Many theorists believe Melies to be the first auteur of film. When putting together a film, Melies himself handled much of the task. He was involved in hiring the actors, obviously shooting the film, and also developing and editing the films. Melies even made sure he was a part of their hand-coloring and distribution to theaters. One of the most crucial factors in considering Melies as the first true auteur is his introduction of fade-ins and fade-outs for each scene.
In making the entire film flow as one true story, Melies would fade in between scenes, thus showing how the scenes progress one after another, and how characters and plotlines intertwine within each other. A Trip to the Moon is a brilliant example of how Melies used fades as a way to communicate with the audience the passage of time, and the progression of the story. A shot of the crowd is faded into a shot of the spaceship.
After the spaceship and crowd are seen, a fade into the stay-lit sky and moon is shown, conveying that the spaceship takes off from earth, and travels to the moon, even crashing directly into it. These fades and lap dissolves are the first of their kind, and incredibly crucial to the evolution of film. For a film like A Trip to the Moon it is obvious that it is impossible to shoot on location. And also, it would grow incredibly expensive to build enormous and dramatic sets that try to convey a feeling of location on the moon.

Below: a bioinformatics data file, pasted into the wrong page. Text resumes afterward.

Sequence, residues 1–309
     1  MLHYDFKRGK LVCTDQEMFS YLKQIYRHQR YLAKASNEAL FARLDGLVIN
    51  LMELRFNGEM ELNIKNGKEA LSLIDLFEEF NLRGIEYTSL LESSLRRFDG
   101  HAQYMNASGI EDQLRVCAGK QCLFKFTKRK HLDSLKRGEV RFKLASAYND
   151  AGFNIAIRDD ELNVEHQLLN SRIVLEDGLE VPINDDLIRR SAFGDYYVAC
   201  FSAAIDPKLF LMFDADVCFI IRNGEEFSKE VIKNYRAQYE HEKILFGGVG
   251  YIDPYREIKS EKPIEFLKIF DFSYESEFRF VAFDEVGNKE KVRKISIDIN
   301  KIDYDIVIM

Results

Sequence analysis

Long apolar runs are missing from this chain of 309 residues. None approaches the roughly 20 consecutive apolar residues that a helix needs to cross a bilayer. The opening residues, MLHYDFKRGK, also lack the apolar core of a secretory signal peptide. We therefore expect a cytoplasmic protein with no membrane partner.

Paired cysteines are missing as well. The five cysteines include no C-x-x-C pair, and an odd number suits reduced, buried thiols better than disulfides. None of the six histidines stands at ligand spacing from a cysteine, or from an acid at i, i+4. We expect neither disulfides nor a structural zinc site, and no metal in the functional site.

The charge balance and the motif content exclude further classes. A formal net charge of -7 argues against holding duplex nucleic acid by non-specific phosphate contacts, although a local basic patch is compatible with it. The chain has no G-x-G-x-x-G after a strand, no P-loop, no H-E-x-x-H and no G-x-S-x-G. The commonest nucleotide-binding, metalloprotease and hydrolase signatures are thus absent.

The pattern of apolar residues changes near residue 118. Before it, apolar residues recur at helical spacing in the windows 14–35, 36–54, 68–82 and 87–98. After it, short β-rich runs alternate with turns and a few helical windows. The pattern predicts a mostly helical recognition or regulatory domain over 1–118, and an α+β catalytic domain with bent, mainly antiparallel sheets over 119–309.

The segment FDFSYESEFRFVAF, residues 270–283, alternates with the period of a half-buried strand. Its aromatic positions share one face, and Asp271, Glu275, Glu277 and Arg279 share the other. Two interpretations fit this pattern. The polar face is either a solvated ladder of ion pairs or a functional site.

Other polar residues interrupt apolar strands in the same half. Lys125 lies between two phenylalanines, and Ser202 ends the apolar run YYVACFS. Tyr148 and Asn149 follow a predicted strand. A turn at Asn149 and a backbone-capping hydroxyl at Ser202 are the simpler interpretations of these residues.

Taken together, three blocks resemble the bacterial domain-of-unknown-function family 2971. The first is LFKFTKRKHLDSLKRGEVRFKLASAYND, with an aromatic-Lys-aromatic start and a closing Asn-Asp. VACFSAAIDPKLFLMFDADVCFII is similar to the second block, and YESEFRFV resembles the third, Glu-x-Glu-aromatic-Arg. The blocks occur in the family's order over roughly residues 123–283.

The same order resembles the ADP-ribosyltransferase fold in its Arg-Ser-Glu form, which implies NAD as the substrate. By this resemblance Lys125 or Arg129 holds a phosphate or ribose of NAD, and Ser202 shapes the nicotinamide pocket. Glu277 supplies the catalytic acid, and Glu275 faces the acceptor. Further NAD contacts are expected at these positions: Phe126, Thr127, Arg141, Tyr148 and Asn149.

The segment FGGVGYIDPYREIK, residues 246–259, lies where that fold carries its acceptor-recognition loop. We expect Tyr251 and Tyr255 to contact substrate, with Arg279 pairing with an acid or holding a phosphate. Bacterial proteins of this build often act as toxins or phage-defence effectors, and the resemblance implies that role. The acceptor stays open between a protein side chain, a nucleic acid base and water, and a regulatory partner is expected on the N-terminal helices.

So instead of massive constructs used to reveal location, Melies decided to use vast paintings as backdrops for some of his more fantastical films. Using these paintings was far more efficient that having to build an entire construct for a short scene on film. And not only were the paintings large, but Melies decided to give the paintings a sort of dreamy appearance. He liked dabbling into the abstract and paranormal. Big and beautiful paintings are much more interesting to look at then a set that might try to be incredibly realistic.
While some see Melies strictly as the father of fantasy or science-fiction, I would go as far to say he could easily be considered the father of film. The way Melies constructed entire stories by fading in and out of scenes to advance the plot is a key invention that has brought film to where it is today. Melies made steps within his career that easily could have taken decades for the rest of the world to grasp. The fact that one of his major inventions had arisen out of a common camera jam tells that we learn from our mistakes, and Georges Melies sure learned how to capitalize on his.